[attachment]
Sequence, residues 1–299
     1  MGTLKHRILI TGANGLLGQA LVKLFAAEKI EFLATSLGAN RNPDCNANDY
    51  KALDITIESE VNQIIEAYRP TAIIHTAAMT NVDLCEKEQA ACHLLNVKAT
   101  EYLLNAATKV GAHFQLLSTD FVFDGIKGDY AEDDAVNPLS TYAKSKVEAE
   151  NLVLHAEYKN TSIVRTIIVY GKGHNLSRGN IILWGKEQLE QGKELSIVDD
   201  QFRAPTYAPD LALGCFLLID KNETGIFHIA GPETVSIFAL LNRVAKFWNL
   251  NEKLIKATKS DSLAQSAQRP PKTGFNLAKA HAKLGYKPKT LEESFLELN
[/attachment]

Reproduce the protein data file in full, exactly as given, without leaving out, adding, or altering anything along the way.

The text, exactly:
Sequence, residues 1–299
     1  MGTLKHRILI TGANGLLGQA LVKLFAAEKI EFLATSLGAN RNPDCNANDY
    51  KALDITIESE VNQIIEAYRP TAIIHTAAMT NVDLCEKEQA ACHLLNVKAT
   101  EYLLNAATKV GAHFQLLSTD FVFDGIKGDY AEDDAVNPLS TYAKSKVEAE
   151  NLVLHAEYKN TSIVRTIIVY GKGHNLSRGN IILWGKEQLE QGKELSIVDD
   201  QFRAPTYAPD LALGCFLLID KNETGIFHIA GPETVSIFAL LNRVAKFWNL
   251  NEKLIKATKS DSLAQSAQRP PKTGFNLAKA HAKLGYKPKT LEESFLELN